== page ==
In a letter to the community this afternoon addressing climate change, President Lawrence S. Bacow described what “Harvard has done and will do to ensure that our community is fully engaged in the critical work ahead.”
The appearance of such a letter was perhaps not surprising in the current global context of wildfires and hurricanes, heatwaves, and deluges and droughts—as well as continued student, faculty, and alumni interest in climate-change research and policy initiatives, and continued advocacy of divesting fossil-fuel assets from the endowment investment portfolio.
Urging action now as “citizens, as scholars, and as an institution to address this crisis on as many fronts as we have at our disposal,” Bacow outlined efforts under way and the beginnings of a path forward. He described a near-total divestment from fossil-fuel investments, as reported last winter, with only legacy holdings totaling less than 2 percent of Harvard Management Company’s (HMC) assets remaining: all through limited partnerships that are now in “runoff mode and will end as these partnerships are liquidated.”
HMC is investing in funds that support a transition to an economy based on renewables, Bacow wrote, while the University has joined MIT in investments in The Engine, a fund focused on, among other objectives, accelerating technologies that could mitigate climate change.
One new element described in Bacow’s letter is the creation of a new post, vice provost for climate and sustainability. “Professor James Stock will work across University boundaries to accelerate and coordinate research and education…to produce crucial new knowledge on climate and sustainability.” Bacow wrote that he had committed “significant resources to seed this effort,” adding that “Harvard must stand among world leaders in addressing this challenge.”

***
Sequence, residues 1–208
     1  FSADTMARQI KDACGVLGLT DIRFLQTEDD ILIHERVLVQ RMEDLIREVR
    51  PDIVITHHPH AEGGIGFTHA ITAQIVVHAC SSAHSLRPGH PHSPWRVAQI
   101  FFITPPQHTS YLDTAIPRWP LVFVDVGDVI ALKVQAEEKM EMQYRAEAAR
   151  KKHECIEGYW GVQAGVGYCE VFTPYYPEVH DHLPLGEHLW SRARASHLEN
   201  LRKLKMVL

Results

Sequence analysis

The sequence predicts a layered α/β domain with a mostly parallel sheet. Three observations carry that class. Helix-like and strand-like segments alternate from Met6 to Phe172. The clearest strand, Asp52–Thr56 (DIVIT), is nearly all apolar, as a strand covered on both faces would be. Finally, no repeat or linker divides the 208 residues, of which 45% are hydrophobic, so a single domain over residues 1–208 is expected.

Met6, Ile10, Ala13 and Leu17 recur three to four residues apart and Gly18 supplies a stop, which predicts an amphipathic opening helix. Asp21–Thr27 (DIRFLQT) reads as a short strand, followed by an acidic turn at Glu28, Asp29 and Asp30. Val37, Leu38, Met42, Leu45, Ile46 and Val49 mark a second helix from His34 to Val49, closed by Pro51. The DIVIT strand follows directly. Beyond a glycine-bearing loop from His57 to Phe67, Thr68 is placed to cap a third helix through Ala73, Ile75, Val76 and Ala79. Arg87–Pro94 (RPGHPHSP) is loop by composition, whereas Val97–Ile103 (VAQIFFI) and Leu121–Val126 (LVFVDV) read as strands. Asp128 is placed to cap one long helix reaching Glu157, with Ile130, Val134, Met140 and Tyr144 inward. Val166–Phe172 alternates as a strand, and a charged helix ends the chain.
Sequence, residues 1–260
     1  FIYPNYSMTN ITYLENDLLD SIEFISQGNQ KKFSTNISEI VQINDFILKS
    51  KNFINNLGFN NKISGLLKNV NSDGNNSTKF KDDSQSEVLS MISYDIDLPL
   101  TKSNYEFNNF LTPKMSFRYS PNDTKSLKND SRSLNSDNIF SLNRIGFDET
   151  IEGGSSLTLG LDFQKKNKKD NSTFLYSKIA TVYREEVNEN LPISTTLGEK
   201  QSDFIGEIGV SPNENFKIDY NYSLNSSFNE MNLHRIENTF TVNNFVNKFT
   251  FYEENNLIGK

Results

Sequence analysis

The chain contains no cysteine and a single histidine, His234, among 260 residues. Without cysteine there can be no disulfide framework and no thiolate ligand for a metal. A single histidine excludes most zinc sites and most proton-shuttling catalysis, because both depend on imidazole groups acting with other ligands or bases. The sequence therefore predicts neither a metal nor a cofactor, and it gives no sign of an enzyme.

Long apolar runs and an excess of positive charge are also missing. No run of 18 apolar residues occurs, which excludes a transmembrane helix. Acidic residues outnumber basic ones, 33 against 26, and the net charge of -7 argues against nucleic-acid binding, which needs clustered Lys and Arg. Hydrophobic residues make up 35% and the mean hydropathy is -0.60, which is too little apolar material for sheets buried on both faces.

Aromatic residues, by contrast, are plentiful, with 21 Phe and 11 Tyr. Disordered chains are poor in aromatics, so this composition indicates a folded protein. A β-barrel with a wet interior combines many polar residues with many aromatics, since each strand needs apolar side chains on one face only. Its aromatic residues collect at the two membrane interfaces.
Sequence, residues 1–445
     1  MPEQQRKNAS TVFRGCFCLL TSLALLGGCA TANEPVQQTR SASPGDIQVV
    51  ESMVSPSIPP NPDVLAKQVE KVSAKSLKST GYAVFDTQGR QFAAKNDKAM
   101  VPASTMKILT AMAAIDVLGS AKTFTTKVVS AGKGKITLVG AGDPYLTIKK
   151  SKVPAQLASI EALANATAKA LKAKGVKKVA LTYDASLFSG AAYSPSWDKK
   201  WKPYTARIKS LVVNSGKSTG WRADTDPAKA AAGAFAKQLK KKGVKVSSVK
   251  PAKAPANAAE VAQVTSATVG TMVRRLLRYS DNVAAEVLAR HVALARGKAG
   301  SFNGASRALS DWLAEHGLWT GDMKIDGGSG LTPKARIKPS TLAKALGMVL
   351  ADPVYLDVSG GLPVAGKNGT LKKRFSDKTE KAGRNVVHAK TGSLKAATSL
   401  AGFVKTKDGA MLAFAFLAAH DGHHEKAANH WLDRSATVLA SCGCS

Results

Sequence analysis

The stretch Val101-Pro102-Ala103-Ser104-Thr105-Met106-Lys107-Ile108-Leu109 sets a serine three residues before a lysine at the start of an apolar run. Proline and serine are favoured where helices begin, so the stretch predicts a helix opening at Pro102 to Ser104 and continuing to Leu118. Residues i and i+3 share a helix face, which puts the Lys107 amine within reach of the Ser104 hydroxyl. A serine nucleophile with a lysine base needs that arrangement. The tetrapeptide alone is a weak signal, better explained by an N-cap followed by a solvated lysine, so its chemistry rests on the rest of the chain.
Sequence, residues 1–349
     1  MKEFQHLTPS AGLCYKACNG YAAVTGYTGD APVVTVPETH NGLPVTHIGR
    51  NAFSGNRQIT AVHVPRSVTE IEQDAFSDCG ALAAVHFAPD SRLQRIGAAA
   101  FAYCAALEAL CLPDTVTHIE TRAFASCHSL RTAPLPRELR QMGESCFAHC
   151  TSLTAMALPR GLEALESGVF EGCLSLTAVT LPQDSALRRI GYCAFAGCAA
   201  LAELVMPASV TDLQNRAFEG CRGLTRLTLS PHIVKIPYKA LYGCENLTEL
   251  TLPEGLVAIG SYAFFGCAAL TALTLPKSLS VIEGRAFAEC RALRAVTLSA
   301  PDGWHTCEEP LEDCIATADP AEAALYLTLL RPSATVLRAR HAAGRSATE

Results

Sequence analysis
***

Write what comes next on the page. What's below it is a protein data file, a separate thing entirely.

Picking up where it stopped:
Stock, currently the Burbank professor of political economy, is an innovative thinker in the field of climate-change economics who served on President Obama’s Council of Economic Advisers in 2013 and 2014 (where he worked on plans to reduce carbon dioxide emissions from the electric-power industry). Stock has previously emphasized the importance of establishing the social cost of carbon—putting a price on the economic damage incurred by the burning of fossil fuels. In light of the shifting economics of sustainable power production—wind and solar power has become competitive with, and at times cheaper than, power generated by fossil fuels—he has created a roadmap for decarbonizing the power sector. And in this context of dropping costs for sustainably produced energy, he has pointed out the need for different kinds of policies within different sectors of the economy to swiftly and efficiently effect change. He advocates moving away from the notion of economy-wide carbon pricing to such sectoral policies. In the transportation sector, for example, policies that support reliable electric-vehicle charging capacity at home and work would accelerate the transition to sustainable transportation. Within the scope of his work are both demand-side and supply-side policies: how can policies discourage consumption of fossil fuels (by taxing carbon, for example) and support a path to a sustainable future?
In the announcement of his appointment, earlier this week, Stock mentioned collaborative research on adaptation to and mitigation of climate changes (the effects of which are already becoming increasingly apparent). In a recent interview, President Bacow, using similar language, said, “The work of faculty focused on interventions to adapt to the realities of the climate crisis and mitigate their effects is where Harvard will have its greatest impact.”
Stock is planning to engage with faculty members to assess where the University can make the most significant contributions. “I’m both excited, and humbled, to begin in my work” he said in a statement, “because there is so much opportunity here, for us, together, to make a major impact on climate change.”
Jonathan Shaw, Harvard Magazine